Class Notes (922,930)
CA (543,002)
UTSG (45,883)
FOR (108)
FOR303H1 (6)
K A N T (6)
Lecture

Lecture 4: Forest Values & Ranking Forest Projects

3 Pages
86 Views

Department
Forestry
Course Code
FOR303H1
Professor
K A N T

This preview shows page 1. Sign up to view the full 3 pages of the document.
Lecture 4: Forest Values & Ranking Forest Projects
Forest Values &/ Forest Ethics
·two approaches
oinstrumental approaches-humans are the basis of moral agency, forests have value if they
provide things we value, this dominates Euro-American (EA) thought
onon-anthropocentric-humanity not the root of moral agency, forests have a value in itself,
forests have values for humans as well as other living beings, forests have value for the
existence of life on earth
·utilitarianism: accord. to Jeremy Benthan, maximize the greatest good for the greatest number
obut questions raised:
§but aren't somethings right/wrong regardless of the consequences
§ how to quantify happiness
§ how to consider everyone's happiness
§but most ppl live far from forests, & get more pleasure from the products which
come from the forest than the forest itself
ounofficial basis for all EA public policy
·deontology: the ethics of duty & rights
obegan with Kant, focus of ethics are principles upon which we act, not the consequences
owe are ethical when we are rational, & we are rational when our principles are universal
& ultimate
oimplies a set of duties adhering to all rational beings (ppl)
§forests can't be rational, so they have no rights, but ppl do have rights & may
have a right to forests existing in a certain state
·but only ppl are rational, so only ppl matter
·what 'bout ppl who aren't rational
othis is the basis of modern democracy & human rights
·property rights
otwo streams:
§liberal (Jeffersonian): need to own land to be free (both from other ppl & the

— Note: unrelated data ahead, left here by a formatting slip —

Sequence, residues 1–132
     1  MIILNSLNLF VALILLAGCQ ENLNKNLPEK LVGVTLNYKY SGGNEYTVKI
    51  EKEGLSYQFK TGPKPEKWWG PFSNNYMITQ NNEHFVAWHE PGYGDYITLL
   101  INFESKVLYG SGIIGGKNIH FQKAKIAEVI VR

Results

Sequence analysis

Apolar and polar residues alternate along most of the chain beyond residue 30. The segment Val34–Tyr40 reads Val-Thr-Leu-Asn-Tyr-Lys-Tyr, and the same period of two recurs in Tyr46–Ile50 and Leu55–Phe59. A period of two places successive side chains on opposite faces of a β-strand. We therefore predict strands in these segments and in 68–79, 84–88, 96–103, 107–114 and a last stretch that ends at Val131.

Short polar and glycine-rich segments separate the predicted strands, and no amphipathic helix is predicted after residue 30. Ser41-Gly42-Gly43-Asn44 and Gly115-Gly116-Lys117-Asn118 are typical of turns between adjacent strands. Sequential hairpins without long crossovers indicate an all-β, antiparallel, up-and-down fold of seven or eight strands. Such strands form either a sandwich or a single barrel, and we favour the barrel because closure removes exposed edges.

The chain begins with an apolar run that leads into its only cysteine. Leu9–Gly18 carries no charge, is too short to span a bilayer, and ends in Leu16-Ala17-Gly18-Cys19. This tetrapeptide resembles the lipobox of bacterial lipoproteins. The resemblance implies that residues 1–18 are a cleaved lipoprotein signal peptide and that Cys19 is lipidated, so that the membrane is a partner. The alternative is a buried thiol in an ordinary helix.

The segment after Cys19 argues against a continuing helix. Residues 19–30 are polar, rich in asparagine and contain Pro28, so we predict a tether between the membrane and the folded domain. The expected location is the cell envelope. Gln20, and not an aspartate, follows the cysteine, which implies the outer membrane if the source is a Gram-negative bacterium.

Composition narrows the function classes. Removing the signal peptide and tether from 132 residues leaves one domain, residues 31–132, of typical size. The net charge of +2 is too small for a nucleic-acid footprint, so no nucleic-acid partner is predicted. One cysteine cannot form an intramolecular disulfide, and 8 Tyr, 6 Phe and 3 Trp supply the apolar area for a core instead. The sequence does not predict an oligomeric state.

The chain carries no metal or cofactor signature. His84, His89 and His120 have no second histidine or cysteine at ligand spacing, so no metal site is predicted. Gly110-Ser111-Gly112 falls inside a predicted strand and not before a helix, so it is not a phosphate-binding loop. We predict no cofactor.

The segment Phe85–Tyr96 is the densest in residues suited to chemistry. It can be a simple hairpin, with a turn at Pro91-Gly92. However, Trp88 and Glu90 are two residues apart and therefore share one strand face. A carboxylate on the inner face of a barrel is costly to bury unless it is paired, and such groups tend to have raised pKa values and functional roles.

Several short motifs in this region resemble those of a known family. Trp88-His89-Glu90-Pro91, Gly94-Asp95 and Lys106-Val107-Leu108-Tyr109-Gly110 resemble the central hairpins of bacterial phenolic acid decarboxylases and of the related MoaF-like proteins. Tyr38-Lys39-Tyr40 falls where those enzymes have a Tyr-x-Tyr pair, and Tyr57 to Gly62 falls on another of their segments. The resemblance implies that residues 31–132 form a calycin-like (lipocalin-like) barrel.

gov't)
§Lockian:
·ppl own themselves & their labour
·land, in it's "natural" state, is unowned
oforests have value if they are owned, & to be owned must have some sort of human
development taking place
§but biased to management (ex. agri., forestry)
§but assumes availability of ample land
owhen nuanced with the "bundle-of-sticks" approach to property, it forms an important
www.notesolution.com

Loved by over 2.2 million students

Over 90% improved by at least one letter grade.

Leah — University of Toronto

OneClass has been such a huge help in my studies at UofT especially since I am a transfer student. OneClass is the study buddy I never had before and definitely gives me the extra push to get from a B to an A!

Leah — University of Toronto
Saarim — University of Michigan

Balancing social life With academics can be difficult, that is why I'm so glad that OneClass is out there where I can find the top notes for all of my classes. Now I can be the all-star student I want to be.

Saarim — University of Michigan
Jenna — University of Wisconsin

As a college student living on a college budget, I love how easy it is to earn gift cards just by submitting my notes.

Jenna — University of Wisconsin
Anne — University of California

OneClass has allowed me to catch up with my most difficult course! #lifesaver

Anne — University of California
Description
Lecture 4: Forest Values & Ranking Forest Projects Forest Values & Forest Ethics two approaches o instrumental approaches-humans are the basis of moral agency, forests have value if they provide things we value, this dominates Euro-American (EA) thought o non-anthropocentric-humanity not the root of moral agency, forests have a value in itself, forests have values for humans as well as other living beings, forests have value for the existence of life on earth utilitarianism: accord. to Jeremy Benthan, maximize the greatest good for the greatest number o but questions raised: but arent somethings rightwrong regardless of the consequences how to quantify happiness how to consider everyones happiness but most ppl live far from forests, & get more pleasure from the products which come from the forest than the forest itself o unofficial basis for all EA public policy deontology: the ethics of duty & rights o began with Kant, focus of ethics are principles upon which we act, not the consequences o we are ethical when we are rational, & we are rational
More Less
Unlock Document


Only page 1 are available for preview. Some parts have been intentionally blurred.

Unlock Document
You're Reading a Preview

Unlock to view full version

Unlock Document

Log In


OR

Don't have an account?

Join OneClass

Access over 10 million pages of study
documents for 1.3 million courses.

Sign up

Join to view


OR

By registering, I agree to the Terms and Privacy Policies
Already have an account?
Just a few more details

So we can recommend you notes for your school.

Reset Password

Please enter below the email address you registered with and we will send you a link to reset your password.

Add your courses

Get notes from the top students in your class.


Submit